As we take on a new decade, it is only credible to anticipate ideas, products, individuals and companies that will most likely impact the tech industry significantly for years to come.
The listed ideas are not the product of any scientific process. They are the concurring views of a number of industry observers, hence, they are to an extent subjective and not in any way prophetic. In fact, one year is too long a time to spring up a lot of surprises.
And, I have avoided listing specific startups here. This is because great ideas/businesses will come and go. the principles and enabling technologies are most important.
Having said that, let us get to a couple of ideas, products and people that will influence the way we live in 2020:
5G: Africa is not Ready but Africa is Ready
On the global stage, 5G has been a point of focus in 2019. First, the new network will give users the speed and reliability they need to do heavy activities on the internet.
With growing interest in heavy-data reliant activities like HD movies streaming, AI and VR, the 5G is the answer to the question of the next experience.
Now, for Trump and China, it is about who leads the global tech race. For Nigeria, 5G is going to come upon us, like every other technological advancement, either we are ready for it or not.
The signs are everywhere.
Recall that Huawei launched free 5G courses at the South African Wits University and the University of Pretoria, thus laying the foundation for technology leadership and knowledge transfer.
In Nigeria, the Nigerian Communications Commission (NCC) approved the use of spectrum 26GHz, 38GHz and 42GHz for the trial of 5G services in the country. A few months later, MTN, the continents biggest telecoms service provider, kicked off its plans to launch 5G internet connectivity in Nigeria with a live demo in Abuja.
Observers have questioned the readiness of the continent to host the fastest network with its infrastructure deficit and sprawling (basic) internet coverage gap. But Africa is not going to be left behind in the 5G race.
You know why?
The growth potential in Africa is significant, too significant for business-minded global players to ignore.
According to the GSMA report, with an annual growth rate of 1.9%, the total number of internet subscribers in the globe is expected to grow to 5.8 billion in 2025. Of this number, 700m more people will subscribe to the internet for the first time.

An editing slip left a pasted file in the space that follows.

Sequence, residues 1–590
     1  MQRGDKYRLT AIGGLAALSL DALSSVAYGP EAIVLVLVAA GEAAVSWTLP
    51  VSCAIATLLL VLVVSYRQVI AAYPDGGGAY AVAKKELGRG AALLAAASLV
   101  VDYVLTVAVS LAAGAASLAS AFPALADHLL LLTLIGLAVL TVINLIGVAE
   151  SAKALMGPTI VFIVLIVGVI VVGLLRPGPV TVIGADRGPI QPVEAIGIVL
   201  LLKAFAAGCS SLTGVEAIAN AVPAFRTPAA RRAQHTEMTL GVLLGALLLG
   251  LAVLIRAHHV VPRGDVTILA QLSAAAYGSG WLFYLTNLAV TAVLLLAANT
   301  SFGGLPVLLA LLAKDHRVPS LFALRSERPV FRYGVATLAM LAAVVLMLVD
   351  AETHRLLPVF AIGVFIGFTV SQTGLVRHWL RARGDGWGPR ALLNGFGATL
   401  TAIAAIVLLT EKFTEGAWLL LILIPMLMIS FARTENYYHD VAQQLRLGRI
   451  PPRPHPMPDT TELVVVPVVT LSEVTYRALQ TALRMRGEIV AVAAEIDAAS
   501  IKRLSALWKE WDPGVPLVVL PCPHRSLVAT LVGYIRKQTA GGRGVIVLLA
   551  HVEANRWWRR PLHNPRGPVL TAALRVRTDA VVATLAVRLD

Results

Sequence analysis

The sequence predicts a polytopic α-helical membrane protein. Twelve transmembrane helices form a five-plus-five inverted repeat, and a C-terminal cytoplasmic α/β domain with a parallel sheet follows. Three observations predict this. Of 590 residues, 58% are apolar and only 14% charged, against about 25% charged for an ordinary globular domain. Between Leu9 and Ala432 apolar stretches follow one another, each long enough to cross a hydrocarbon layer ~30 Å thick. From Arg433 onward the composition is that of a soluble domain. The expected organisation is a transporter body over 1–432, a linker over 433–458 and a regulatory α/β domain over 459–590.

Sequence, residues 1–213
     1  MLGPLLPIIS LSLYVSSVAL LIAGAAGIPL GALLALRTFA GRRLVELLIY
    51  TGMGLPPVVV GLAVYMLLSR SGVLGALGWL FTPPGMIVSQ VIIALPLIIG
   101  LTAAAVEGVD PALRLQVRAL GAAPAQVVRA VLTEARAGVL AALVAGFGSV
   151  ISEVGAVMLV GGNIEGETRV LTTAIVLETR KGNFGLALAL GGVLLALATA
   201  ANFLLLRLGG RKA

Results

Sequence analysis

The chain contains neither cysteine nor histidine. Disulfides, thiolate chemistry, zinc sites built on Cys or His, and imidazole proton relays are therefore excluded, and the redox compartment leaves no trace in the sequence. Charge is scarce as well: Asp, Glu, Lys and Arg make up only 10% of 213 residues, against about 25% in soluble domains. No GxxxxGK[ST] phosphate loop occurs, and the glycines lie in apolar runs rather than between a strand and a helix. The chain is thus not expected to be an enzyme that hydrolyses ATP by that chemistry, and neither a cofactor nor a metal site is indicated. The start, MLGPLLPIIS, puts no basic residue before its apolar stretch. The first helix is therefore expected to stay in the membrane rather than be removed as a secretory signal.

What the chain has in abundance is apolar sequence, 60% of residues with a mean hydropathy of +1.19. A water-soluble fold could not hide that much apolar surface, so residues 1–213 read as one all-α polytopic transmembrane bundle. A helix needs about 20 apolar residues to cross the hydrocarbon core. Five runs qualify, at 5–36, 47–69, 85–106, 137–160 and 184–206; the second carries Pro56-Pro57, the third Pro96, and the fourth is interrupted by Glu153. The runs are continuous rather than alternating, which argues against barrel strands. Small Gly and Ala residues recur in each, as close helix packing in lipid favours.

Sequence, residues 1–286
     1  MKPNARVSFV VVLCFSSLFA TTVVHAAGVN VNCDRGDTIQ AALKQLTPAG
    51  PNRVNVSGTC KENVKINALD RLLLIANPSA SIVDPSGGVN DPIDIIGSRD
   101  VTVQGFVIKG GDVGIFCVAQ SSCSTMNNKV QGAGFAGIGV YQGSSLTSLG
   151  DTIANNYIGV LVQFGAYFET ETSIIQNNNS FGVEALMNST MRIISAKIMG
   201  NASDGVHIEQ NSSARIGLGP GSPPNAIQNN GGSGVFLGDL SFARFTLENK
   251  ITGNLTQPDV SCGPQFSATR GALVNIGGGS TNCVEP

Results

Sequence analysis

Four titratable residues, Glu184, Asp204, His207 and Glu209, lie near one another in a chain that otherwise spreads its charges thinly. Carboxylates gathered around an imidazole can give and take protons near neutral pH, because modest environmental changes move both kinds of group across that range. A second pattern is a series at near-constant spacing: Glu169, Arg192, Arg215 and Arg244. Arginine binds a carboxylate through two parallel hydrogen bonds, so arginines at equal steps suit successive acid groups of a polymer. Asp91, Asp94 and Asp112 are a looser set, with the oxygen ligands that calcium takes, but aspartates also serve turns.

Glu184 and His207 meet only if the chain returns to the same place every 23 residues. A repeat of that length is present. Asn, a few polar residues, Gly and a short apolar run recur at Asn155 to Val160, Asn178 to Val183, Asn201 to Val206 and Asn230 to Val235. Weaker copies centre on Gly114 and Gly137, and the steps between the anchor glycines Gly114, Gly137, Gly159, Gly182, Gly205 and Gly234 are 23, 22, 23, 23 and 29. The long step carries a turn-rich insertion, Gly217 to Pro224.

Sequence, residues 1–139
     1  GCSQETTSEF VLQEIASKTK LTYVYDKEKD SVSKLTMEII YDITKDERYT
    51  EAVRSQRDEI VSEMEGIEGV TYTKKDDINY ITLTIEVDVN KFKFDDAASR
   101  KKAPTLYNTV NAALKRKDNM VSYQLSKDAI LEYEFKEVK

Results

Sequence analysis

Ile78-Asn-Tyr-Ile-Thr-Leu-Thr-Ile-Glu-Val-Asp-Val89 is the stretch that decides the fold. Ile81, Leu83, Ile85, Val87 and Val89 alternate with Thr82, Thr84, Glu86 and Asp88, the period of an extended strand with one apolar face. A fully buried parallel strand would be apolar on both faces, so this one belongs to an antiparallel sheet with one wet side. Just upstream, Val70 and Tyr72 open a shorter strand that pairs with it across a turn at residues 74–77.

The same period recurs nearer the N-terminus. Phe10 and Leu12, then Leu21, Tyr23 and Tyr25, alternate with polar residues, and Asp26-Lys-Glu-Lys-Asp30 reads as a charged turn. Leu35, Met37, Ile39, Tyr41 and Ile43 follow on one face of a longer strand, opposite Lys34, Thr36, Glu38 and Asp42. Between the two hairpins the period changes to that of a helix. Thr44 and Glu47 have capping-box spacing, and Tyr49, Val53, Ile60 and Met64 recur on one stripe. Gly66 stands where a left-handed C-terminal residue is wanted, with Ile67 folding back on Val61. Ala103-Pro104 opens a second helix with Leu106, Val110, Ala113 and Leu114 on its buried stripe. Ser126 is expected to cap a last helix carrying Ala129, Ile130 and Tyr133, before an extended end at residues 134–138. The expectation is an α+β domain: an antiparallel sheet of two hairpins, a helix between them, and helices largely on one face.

Of this number, half will come from the Asia Pacific region and a quarter will come from Sub-Saharan Africa. In fact, Nigeria will be the fourth-highest global contributor (only after India, China and Pakistan).
We have the population, the business is here!
Logistics and Mobility will be the Game Changers
The signing of the African Continental Free Trade Agreement (AfCFTA) by country leaders was a major event on the African continent. It was celebrated, anticipated and dreaded in the same breath.
While we celebrate the potentials the AfCFTA and the possibility of Africa becoming a single business zone, we really forget the pain of navigating the continent.
On the one hand, it is not cost-efficient to have subsidiaries across African countries. Many who tried never succeed. The reason is regulations are unstable, political environments are unstable and the lack of infrastructure means that doing business on the continent requires companies to invest in basic amenities.
Hence, the left best option is to operate from the most convenient base and ship across. The challenge of moving goods across is crazy too. In fact, it is easier to ship overseas in most cases.
This challenge in itself will herald a new generation of unicorns: players in the African logistics game that have the structure to provide a supply chain service that is multi-country, of multiple divisions and end-to-end.
The most prepared player in this space that comes to mind is the Nigerian technology-powered transport company, GIG Mobility (GIGM). It is dominant in the Nigerian space, offers end-to-end delivery and has shown the capacity for quality delivery and expansion.
GIGM’s launch of a distribution hub in Accra, Ghana’s capital sets the template for an Africa-wide expansion. When this happens, it will be one of the major points of convergence for inter and Intra country trade, eCommerce and tech-enabled mobility.
The possibilities are huge!
eSIMs will Change the Telecoms Game
The ’embedded’ or ‘electronic’ SIM (eSIM) is built into a mobile phone, smartphone or tablet device at the point of manufacture. It is designed to empower consumers with the freedom to move between mobile phone carriers and countries much more easily.
Going by the response of Global giants to it (it has been tried in Apple iPads and Samsung Galaxy Gear watches in 2019), the eSIM is set to soon be a replacement for the standard physical SIM that we are used to. This new type of SIMs when released will eventually become commonplace globally.
How will this affect our lives?
Two ways: first the options will be limitless for users that will not be bound to any network that will not offer them the service quality of their choosing. More freedom for the user. And, by the way, the way telecoms service providers measure dominance will be measured using different metrics.